Up in the mountains of Idaho, people every year watch for
the return of a native who
jumps waterfalls and swims
950 miles of rapids to get home.
This year, however, there
is no sign of the Sockeye Salmon and some say this incredible creature is
in danger of being lost forever. Sockeyes once returned
spawn here by the
thousands, giving Redfish Lake in Idaho it's name. Now the appearance of
even one would be
"In 1994 we got one... so far this year we don't have any again, so it's a
situation," says biologist Keith Johnson.
The Sockeye population is
the brink of extinction and on that brink as well, a way of
life for fishing guide Mitch Sanchopena: "With the loss of the runs we
were forced to sell our boats and find other jobs."
hatchery in Redfish
Lake, the adult salmon, perhaps the only hope for future generations, swim
in circles when they once swam an epic journey.
"It migrates 900 miles to
the ocean, travels thousands of miles to Alaska, spends a couple of years
in the ocean and can remember exactly where it's home was," explains
Johnson. "And there's no computer chip like that we can ever develop."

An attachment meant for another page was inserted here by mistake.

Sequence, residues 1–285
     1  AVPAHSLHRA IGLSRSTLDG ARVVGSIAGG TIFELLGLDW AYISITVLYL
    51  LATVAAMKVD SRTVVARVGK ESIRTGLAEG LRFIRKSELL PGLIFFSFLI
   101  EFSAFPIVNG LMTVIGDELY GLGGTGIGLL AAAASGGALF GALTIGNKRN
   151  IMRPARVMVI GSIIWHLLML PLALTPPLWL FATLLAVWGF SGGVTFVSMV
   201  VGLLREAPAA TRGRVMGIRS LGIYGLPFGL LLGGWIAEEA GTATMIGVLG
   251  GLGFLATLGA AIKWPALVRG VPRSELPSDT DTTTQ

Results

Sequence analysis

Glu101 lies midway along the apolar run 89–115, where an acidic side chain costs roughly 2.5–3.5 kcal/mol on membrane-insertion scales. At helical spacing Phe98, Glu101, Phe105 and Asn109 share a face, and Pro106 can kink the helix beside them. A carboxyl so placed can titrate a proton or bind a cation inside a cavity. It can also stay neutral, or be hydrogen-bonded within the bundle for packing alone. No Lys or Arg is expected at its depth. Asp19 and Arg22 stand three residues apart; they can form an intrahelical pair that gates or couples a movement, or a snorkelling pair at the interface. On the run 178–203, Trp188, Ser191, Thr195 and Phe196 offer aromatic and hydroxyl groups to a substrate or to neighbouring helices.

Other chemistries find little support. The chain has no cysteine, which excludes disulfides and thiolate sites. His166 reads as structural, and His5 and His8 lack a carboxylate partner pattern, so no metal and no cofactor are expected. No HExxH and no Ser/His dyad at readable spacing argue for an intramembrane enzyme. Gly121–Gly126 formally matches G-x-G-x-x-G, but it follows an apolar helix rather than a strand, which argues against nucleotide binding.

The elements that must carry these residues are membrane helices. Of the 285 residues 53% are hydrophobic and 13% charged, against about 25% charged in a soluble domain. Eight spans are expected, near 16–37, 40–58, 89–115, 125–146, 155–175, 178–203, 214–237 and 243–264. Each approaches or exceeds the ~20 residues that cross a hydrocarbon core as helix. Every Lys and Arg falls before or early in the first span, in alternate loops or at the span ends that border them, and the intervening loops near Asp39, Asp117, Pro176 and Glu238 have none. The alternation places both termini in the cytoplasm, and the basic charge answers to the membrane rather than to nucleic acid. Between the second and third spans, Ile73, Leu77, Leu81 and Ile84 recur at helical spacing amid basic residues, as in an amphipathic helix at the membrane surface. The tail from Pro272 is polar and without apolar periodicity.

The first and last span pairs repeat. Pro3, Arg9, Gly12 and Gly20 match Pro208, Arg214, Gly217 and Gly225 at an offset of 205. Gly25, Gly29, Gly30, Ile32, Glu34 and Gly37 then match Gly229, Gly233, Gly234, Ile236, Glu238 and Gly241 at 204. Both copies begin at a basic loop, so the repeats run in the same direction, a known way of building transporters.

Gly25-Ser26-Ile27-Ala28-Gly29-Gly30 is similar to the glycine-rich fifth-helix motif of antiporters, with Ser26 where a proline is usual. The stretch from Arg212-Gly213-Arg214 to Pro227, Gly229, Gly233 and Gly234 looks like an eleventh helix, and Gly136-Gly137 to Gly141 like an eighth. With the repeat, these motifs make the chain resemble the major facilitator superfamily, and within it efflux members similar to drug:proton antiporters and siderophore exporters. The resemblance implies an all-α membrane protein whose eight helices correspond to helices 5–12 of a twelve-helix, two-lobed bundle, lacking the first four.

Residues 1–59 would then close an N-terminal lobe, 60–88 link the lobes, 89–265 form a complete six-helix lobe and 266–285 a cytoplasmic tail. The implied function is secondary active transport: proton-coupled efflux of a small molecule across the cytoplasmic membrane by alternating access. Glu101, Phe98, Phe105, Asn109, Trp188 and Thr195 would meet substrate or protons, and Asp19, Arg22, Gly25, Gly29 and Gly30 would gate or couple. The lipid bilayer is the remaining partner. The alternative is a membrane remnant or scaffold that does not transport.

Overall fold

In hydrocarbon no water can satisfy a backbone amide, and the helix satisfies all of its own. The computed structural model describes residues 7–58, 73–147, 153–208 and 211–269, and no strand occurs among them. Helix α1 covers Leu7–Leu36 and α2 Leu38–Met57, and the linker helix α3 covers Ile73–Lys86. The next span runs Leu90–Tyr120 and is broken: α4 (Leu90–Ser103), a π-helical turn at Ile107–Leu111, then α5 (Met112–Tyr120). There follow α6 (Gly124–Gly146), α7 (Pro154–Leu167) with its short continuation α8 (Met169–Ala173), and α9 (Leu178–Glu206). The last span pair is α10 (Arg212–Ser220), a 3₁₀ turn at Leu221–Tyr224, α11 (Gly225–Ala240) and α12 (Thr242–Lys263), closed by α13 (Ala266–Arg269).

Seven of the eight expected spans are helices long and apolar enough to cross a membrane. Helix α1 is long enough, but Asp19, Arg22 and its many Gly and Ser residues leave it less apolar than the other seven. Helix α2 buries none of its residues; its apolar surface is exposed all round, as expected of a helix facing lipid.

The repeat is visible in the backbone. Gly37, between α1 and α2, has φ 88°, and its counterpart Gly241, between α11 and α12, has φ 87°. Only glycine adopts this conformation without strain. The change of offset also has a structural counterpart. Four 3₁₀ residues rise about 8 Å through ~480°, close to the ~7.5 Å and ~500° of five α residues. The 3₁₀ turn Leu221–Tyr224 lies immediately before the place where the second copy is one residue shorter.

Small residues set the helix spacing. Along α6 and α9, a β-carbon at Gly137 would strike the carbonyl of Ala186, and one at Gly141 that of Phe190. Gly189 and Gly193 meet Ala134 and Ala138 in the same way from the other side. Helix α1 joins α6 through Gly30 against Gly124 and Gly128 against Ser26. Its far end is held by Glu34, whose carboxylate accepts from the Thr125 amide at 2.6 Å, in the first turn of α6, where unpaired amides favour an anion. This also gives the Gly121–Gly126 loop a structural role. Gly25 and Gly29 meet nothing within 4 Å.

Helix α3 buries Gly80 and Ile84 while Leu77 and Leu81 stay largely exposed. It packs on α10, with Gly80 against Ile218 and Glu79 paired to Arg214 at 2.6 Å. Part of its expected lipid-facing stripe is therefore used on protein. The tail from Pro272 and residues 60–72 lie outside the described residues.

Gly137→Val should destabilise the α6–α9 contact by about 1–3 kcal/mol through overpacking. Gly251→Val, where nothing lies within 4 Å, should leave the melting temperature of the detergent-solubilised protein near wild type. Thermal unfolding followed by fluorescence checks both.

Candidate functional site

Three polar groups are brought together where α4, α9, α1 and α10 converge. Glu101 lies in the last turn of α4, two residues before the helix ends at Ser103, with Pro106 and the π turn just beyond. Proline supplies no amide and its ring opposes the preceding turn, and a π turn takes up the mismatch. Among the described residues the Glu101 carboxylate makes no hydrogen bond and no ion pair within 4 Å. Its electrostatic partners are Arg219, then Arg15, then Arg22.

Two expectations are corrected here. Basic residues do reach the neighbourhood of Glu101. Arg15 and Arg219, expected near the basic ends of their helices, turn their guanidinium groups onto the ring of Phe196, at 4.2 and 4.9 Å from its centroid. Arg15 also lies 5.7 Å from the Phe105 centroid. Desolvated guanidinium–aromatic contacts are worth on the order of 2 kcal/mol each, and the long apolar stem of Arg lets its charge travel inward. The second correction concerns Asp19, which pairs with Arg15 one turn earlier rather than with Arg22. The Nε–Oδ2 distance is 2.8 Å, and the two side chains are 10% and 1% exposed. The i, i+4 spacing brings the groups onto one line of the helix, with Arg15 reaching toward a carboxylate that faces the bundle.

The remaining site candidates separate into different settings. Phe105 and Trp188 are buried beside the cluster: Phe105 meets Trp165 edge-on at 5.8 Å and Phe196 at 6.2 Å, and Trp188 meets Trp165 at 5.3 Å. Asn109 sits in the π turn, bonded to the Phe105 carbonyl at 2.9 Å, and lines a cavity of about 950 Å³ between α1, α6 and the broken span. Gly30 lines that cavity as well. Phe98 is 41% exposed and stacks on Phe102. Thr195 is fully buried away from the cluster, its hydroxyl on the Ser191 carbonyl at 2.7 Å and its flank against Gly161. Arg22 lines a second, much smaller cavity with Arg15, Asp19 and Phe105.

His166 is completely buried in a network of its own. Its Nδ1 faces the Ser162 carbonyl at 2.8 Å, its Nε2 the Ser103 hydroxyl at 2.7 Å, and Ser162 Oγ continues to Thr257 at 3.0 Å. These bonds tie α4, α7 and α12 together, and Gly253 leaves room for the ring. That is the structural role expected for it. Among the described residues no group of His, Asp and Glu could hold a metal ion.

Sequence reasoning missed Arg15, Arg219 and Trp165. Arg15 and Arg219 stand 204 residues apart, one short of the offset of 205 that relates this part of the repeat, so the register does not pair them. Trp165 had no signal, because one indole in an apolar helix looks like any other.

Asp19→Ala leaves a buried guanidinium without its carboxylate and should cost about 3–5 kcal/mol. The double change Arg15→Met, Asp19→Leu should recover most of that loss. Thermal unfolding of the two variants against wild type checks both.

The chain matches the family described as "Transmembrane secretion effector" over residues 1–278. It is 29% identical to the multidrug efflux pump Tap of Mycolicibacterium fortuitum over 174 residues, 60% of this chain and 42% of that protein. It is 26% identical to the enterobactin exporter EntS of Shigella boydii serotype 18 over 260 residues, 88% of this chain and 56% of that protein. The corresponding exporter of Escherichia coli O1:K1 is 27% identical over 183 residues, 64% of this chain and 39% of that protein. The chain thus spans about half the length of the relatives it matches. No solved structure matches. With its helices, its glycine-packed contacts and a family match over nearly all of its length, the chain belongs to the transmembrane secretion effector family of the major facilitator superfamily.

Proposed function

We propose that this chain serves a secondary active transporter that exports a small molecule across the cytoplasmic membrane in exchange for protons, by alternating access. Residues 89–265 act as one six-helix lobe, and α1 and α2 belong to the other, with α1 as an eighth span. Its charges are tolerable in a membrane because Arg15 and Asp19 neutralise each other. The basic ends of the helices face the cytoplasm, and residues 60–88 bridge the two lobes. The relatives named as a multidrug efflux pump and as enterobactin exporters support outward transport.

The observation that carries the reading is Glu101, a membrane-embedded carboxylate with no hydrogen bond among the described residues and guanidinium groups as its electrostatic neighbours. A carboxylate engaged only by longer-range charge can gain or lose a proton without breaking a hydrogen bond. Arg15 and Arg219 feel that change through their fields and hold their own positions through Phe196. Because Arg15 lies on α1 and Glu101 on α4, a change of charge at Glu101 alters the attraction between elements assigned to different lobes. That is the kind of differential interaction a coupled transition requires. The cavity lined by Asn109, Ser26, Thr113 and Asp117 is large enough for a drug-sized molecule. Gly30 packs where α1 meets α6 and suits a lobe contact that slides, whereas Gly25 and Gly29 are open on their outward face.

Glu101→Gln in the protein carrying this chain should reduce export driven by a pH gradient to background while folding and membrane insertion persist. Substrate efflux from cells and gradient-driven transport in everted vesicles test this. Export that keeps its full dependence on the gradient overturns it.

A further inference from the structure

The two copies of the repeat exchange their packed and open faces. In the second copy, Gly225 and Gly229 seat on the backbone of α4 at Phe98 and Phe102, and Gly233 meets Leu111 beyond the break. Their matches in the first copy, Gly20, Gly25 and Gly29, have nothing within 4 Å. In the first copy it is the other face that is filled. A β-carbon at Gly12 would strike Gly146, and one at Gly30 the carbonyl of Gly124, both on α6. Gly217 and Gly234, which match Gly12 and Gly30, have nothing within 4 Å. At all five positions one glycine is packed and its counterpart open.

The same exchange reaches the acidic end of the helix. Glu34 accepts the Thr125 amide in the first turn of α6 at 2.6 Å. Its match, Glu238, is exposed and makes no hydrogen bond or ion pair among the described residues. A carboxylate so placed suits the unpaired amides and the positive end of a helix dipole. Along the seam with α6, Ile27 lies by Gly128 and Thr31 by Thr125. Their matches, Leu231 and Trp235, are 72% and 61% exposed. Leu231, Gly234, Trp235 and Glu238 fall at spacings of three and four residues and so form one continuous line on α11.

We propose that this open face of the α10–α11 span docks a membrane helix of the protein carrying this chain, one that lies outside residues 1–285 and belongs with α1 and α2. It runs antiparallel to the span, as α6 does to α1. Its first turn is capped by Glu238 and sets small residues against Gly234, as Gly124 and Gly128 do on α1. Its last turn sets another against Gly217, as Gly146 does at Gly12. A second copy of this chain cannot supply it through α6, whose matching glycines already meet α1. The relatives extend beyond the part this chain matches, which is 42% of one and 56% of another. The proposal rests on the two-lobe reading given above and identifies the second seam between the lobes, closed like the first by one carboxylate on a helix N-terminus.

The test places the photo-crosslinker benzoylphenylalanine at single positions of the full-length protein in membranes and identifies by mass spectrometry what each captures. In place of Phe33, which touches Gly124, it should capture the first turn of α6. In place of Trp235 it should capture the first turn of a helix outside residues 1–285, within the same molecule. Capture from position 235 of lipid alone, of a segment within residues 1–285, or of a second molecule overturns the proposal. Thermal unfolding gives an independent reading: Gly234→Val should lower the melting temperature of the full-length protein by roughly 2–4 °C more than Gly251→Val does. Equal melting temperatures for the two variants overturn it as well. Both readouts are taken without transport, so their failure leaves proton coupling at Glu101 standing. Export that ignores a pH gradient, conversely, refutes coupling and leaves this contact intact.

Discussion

on the Snake and Columbia rivers stand between the Sockeye and the
sea. The turbines can be
lethal to young
fish and so are the slow moving, warm
reservoirs. Most never
make it to the ocean.
the decline of salmon
the four dams along the Lower Snake River. They say it would be more
in the long run
to destroy the dams completely. Some call for temporarily lowering the
the river run naturally. Then young salmon would be
flushed to the sea in
cool waters. But that
turn off the
navigation, and impact farmers.
"We already face problems everyday with mother nature and just came out of
you're talking about a manmade drought," says farmer Pat Takasugi.
Some call the journey of the Sockeye back to Redfish Lake a miraculous
one. A miracle might be what is needed to keep this natural wonder from
to spawn: to deposit their eggs (a
encouraging: favourable (alentador)
dire: hopeless, desperate (desesperante)
on the brink of: close to (al borde de la)
hatchery: incubator, a place where eggs are hatched under
artificial conditions (especially fish eggs) (incubadora)
monolithic dams: monumental barriers constructed to contain water
(imponentes diques, represas)
lethal: mortal (letal, mortal)
reservoirs: artificial lakes (reservorios, lagos artificiales)
blame the decline of salmon on: attribute the responsibility of
salmon reduction to (le echan la culpa de la reducción de salmones a)
in the long run: in the end (a la larga)
to let: to allow, to permit (para permitir que)
flushed: forced to swim, to flow (forzados, obligados)
would turn off: would stop operating (detendría)
halt: stop moving (frenaría la)
drought: temporary shortage of rainfall (sequía)
MAS "ECOLOGIA - VIDA SILVESTRE"